KOTA KINABALU: A dramatic helicopter rescue of a young and rare female Sumatran rhinoceros on Christmas Day has boosted hopes for the survival of the species that is facing extinction.
Sabah wildlife department director Dr Laurentius Ambu described the helicopter airlift of the rhino as a world’s first in a tropical rainforest.
The rhino, aged between 10 and 12 years and named Puntung, was first caught on Dec 18 in a joint operation by the department and the Borneo Rhino Alliance (Bora).
It was kept within a temporary enclosure at the Tabin Wildlife Reserve and placed in a crate on Christmas eve for relocation to the nearby Borneo Rhino Sanctuary, also within the reserve. However, rains and foggy conditions delayed the airlift.
“It was only on Christmas morning that the fog cleared temporarily and gave us a window to let the helicopter lower its cables to hook up the crate,” said Dr Ambu.
With an estimated 20 to 30 rhinos left in the wilds of Sabah, the capture and trans-location of Puntung gives conservationists another shot at breeding the species in captivity. It is hoped Puntung would mate with a lone captive male rhino, named Tam.
Dr Ambu said the conservation programme here is in touch with a similar programme in Sumatra.
“This is now the very last chance to save this species, one of the most ancient forms of mammal. We need collaboration and support in our efforts to prevent the extinction of this unique species that was once found in abundance,” he added.
Meanwhile, department chief veterinarian Dr Sen Nathan said they hoped to get Puntung to mate with Tam, a middle aged male rhino, which was rescued in 2008 and placed at the rhino sanctuary.
“Attempts to get Tam to mate with another rescued female rhino, named Gelegup, failed as she was old and infertile,” he said, adding that Puntung looked healthy enough for breeding.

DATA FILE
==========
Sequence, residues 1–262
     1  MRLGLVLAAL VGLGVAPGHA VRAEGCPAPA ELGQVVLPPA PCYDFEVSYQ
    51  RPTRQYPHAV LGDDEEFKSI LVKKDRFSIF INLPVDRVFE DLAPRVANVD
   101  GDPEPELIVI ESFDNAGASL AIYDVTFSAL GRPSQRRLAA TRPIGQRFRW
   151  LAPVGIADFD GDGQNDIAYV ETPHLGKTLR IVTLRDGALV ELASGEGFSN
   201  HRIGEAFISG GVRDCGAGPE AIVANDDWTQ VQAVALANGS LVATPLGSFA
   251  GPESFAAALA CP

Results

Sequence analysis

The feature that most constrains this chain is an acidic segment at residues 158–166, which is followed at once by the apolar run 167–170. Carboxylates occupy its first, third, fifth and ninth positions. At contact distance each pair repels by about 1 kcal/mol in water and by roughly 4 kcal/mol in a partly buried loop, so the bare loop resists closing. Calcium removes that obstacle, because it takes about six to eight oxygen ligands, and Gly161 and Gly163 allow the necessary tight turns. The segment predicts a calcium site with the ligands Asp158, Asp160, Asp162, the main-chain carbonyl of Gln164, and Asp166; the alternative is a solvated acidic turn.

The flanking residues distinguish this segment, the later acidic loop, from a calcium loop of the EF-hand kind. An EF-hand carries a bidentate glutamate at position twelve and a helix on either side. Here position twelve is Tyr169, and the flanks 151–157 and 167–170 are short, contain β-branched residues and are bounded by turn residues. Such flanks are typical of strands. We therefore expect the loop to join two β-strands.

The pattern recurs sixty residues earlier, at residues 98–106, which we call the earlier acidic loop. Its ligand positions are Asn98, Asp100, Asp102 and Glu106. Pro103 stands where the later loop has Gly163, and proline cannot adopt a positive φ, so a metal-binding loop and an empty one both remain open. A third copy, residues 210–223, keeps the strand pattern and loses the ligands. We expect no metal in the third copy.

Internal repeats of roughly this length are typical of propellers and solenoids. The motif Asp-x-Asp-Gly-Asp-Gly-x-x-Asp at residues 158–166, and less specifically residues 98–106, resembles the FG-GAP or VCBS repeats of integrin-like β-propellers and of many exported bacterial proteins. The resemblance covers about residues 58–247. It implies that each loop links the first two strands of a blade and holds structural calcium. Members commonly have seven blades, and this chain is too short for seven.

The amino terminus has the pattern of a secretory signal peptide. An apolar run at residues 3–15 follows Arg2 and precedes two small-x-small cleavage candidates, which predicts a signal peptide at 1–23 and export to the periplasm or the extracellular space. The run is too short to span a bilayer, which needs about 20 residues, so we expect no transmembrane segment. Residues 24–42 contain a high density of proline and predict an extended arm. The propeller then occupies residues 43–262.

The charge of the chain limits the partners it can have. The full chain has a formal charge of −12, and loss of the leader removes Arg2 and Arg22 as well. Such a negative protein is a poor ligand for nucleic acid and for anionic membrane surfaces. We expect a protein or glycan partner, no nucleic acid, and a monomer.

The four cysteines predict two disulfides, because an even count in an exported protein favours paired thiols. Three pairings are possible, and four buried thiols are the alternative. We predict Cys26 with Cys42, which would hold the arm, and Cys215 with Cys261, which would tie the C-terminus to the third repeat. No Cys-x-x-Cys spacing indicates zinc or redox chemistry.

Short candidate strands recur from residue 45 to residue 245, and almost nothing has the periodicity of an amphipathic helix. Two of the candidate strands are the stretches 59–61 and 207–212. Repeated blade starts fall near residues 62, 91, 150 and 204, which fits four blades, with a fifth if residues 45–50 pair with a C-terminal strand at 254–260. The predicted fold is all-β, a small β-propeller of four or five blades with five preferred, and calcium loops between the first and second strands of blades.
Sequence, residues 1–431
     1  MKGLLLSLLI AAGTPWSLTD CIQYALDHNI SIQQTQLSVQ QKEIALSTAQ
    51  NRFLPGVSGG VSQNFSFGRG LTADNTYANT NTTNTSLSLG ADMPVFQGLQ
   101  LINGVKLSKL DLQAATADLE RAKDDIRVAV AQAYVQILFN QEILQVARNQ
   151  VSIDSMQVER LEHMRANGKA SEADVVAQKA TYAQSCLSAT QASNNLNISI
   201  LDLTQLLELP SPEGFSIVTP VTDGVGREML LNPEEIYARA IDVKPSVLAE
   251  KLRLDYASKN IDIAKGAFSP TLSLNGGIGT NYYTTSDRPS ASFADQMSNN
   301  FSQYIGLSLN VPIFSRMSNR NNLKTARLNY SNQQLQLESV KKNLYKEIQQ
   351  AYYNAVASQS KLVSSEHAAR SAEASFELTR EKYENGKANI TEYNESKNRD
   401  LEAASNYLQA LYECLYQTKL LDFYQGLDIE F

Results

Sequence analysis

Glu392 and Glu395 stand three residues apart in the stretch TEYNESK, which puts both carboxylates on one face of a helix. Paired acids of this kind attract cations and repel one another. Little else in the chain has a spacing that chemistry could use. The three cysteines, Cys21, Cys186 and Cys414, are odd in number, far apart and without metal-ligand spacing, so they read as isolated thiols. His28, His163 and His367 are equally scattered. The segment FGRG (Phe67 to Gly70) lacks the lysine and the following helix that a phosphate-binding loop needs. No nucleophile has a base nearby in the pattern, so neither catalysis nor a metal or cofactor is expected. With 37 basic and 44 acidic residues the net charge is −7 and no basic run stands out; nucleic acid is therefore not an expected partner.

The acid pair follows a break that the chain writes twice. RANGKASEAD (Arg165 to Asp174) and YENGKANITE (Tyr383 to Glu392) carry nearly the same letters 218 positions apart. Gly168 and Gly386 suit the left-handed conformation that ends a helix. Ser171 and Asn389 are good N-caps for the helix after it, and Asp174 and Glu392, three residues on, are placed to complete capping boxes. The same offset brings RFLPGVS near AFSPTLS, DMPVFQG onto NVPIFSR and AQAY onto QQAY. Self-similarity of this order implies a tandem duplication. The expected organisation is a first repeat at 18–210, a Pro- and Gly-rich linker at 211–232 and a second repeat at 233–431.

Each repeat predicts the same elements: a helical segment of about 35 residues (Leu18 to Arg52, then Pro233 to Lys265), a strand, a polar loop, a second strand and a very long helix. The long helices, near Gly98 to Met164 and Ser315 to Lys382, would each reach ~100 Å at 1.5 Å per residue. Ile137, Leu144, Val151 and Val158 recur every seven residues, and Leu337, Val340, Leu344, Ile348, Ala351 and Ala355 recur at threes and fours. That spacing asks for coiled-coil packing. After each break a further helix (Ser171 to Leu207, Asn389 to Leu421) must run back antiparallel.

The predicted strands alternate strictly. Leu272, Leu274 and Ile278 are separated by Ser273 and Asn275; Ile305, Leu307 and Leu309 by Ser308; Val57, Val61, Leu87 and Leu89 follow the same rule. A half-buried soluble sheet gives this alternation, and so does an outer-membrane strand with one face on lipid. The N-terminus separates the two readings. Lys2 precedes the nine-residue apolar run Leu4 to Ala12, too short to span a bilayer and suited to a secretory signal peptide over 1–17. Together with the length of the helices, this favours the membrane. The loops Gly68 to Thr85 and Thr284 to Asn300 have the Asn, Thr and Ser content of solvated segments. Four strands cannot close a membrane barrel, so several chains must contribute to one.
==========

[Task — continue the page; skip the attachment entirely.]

“We captured Puntung because, after two years of observation, we found that there were no male rhinos in the vicinity and it was unlikely for it to find a mate within its natural surrounding,” Dr Sen said.
“From camera trap observations, Puntung also had old injuries on its front left limb, giving more reason for her capture.”
Bora executive director Dr Junaidi Payne said Puntung was doing reasonably well.
“It was trapped, kept in an enclosure for a while and then airlifted in a noisy helicopter. It suffered some minor abrasion and is being treated with antiseptics.
“She is allowing people to handle her now and is drinking and eating well,” Dr Junaidi added.
He said the helicopter used in the rhino rescue, operated by American company Erickson Air Crane that has an office in Miri, was brought in for the airlift at a cost of US$70,000 (about RM210,000).
Yayasan Sime Darby has provided large financial support for Bora’s efforts to save the rhinos while Malaysian Palm Oil Industries Council was also aiding the wildlife department’s rescue unit.
Since 1996, the Sumatran rhino has been listed as “critically endangered”, which is just a step away from being extinct in the International Union for Conservation of Nature (IUCN)’s Red List.